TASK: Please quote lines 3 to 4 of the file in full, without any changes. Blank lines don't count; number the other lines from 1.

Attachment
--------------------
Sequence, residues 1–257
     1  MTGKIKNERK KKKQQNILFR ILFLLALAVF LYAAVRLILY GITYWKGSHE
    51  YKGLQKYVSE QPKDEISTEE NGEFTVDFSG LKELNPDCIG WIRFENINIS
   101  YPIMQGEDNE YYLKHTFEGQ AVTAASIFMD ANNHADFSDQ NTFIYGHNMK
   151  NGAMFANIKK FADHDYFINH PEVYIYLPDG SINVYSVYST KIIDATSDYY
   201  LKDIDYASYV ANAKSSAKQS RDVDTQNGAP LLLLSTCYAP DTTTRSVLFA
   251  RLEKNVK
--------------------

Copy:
    51  YKGLQKYVSE QPKDEISTEE NGEFTVDFSG LKELNPDCIG WIRFENINIS
   101  YPIMQGEDNE YYLKHTFEGQ AVTAASIFMD ANNHADFSDQ NTFIYGHNMK